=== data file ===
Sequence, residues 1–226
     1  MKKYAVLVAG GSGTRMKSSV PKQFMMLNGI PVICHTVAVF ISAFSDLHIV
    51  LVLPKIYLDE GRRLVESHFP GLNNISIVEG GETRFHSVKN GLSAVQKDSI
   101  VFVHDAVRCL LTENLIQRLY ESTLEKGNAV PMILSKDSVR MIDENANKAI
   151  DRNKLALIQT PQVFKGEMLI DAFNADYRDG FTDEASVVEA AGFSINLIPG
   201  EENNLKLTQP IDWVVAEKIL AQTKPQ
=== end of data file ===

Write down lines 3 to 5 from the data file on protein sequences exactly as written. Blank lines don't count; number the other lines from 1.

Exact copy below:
    51  LVLPKIYLDE GRRLVESHFP GLNNISIVEG GETRFHSVKN GLSAVQKDSI
   101  VFVHDAVRCL LTENLIQRLY ESTLEKGNAV PMILSKDSVR MIDENANKAI
   151  DRNKLALIQT PQVFKGEMLI DAFNADYRDG FTDEASVVEA AGFSINLIPG